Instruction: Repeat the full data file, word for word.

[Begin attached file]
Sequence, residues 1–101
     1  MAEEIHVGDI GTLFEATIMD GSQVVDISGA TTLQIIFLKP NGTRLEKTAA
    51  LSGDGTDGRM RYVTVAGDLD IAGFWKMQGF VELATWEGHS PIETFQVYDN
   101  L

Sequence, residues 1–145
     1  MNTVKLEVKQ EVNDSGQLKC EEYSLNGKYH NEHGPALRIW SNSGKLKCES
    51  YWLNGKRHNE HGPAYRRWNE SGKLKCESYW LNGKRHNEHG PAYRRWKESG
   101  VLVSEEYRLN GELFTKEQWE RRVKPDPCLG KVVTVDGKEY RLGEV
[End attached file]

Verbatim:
Sequence, residues 1–101
     1  MAEEIHVGDI GTLFEATIMD GSQVVDISGA TTLQIIFLKP NGTRLEKTAA
    51  LSGDGTDGRM RYVTVAGDLD IAGFWKMQGF VELATWEGHS PIETFQVYDN
   101  L

Sequence, residues 1–145
     1  MNTVKLEVKQ EVNDSGQLKC EEYSLNGKYH NEHGPALRIW SNSGKLKCES
    51  YWLNGKRHNE HGPAYRRWNE SGKLKCESYW LNGKRHNEHG PAYRRWKESG
   101  VLVSEEYRLN GELFTKEQWE RRVKPDPCLG KVVTVDGKEY RLGEV